The exit of people seeking work in the states and the related issue of “brain drain” have grabbed headlines, but Puerto Rico’s population drop is only partly due to people leaving the island.
Connected to the flight of young Puerto Ricans and professionals to the mainland is a falling local birth rate and a quickly aging population that economists and demographers warn will pose increasingly greater challenges to the island. Human resources executives note that those problems extend to island businesses.
“That means less people working, saving, investing, consuming and contributing to pay off the debts incurred by the commonwealth with bondholders and pensioners,” Sergio Marxuach, policy director for the Center for the New Economy, told CARIBBEAN BUSINESS online.
Puerto Rico is among just two dozen national statistical areas around the world that lost population between 2005 and 2010, according to a United Nations report issued last year.
As the global population topped 7 billion after an unprecedented surge of 1 billion over the past 12 years, Puerto Rico and 23 countries actually saw declines.
They are mostly former Soviet Republics and Eastern European countries. According to the latest U.N. count, of the 24 nations that registered population falls between 2005 and 2010 only Puerto Rico, Germany and some small island nations were not from this region.
Puerto Rico’s population growth slowed to a crawl between 2000 and 2010, posting an average annual increase of less than 0.5 percent during the period, according to Census statistics. That was the smallest population increase over a decade since at least the 1950s when it was 6.3 percent. The island’s population grew 15.4 percent in the 1960s, 17.9 percent in the 1970s, 10.2 percent in the 1980s and 8.1 percent in the 1990s.
Puerto Rico’s population growth rate over the past decade was less than half that of the U.S.
“Demography is a major issue. The retirement system is an example. One generation of politicians promised to its same generation of public sector workers that they did not have to make significant contributions to the their own retirement system because a younger generations was going to pay for it. Regrettably, there are too few young individuals to carry this burden, even in the case that they decide that they want to carry it,” Feliciano said.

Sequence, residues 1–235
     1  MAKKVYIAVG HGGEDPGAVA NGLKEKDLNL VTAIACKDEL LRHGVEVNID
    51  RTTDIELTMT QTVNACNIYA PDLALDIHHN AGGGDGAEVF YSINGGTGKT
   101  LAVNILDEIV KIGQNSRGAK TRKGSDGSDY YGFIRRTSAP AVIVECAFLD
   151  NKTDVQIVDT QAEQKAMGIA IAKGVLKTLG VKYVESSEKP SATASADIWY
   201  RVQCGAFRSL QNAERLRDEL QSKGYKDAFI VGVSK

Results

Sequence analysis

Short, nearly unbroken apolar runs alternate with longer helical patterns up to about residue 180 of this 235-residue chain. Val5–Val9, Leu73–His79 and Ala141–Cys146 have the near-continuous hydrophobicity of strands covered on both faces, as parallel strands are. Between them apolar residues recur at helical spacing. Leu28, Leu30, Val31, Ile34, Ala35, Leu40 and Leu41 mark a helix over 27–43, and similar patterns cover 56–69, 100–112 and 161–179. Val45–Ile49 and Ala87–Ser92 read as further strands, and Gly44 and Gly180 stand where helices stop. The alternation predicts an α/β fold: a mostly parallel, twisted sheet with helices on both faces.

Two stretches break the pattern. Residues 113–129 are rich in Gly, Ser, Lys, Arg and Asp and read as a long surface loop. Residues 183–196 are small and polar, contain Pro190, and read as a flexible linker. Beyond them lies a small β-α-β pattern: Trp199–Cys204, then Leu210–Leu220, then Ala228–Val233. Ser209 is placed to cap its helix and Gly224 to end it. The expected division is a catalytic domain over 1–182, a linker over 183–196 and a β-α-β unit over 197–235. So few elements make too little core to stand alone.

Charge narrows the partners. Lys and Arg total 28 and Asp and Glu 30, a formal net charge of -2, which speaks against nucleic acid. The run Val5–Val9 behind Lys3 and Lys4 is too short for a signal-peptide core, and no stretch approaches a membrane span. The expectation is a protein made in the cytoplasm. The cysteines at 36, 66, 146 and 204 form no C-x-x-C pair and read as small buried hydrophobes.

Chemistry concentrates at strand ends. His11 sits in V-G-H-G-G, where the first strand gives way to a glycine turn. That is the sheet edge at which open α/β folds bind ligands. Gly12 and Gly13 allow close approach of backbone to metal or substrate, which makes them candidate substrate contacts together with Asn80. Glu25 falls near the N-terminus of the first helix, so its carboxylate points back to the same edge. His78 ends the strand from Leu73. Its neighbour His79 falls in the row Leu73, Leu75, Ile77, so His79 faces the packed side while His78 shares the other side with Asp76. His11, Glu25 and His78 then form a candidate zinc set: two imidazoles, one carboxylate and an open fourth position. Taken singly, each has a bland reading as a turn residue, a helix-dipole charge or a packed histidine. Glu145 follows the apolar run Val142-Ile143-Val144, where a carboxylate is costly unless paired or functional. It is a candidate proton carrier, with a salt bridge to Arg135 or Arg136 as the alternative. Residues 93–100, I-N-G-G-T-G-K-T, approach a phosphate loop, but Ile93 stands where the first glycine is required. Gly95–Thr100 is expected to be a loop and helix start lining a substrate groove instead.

The island’s aging population, meanwhile, is getting grayer by the year, according to Census counts.
The percentage of the population over 65 years old was 7.9 percent in 1980, 10 percent in 1990, 14 percent in 2000 and 15 percent in 2010. Projections show that the under-40 population will drop by more than 300,000 by 2020, while the over-40 crowd will grow by 275,000. The population of islanders older than 70 is forecast to rise by 75,000 over that time.
Projections show that by half of the local population will be over age 50 by 2050.
Meanwhile, Puerto Rico’s birth and fertility rates have both fallen sharply since the onset of the island’s economic downturn — further evidence that few forms of birth control are as effective as the economy.
Both rates are among the lowest in the nation, and experts believe the trend is tied to the economy. Women with money worries may feel they can’t afford to start a family or add to it.
Puerto Rico’s birth rate fell to 11.3 births per 1,000 total population in 2010, according to the federal Centers for Disease Control. The birth rate was 12.4 at the start of the island island’s economic recession in 2006. Only seven states have lower birth rates.
The fertility rate in Puerto Rico was 54.3 in 2010, down from 57.2 in 2006. The fertility rate is the number of births per 1,000 women aged 15-44 years. Only four states had lower fertility rates in 2010.
There were 41,159 births in Puerto Rico in 2010, down from 48,597 births in 2006.
The national birth rate dropped for the third straight year, with declines for most ages and all races, according to the federal report.
Courtesy of Caribbean Business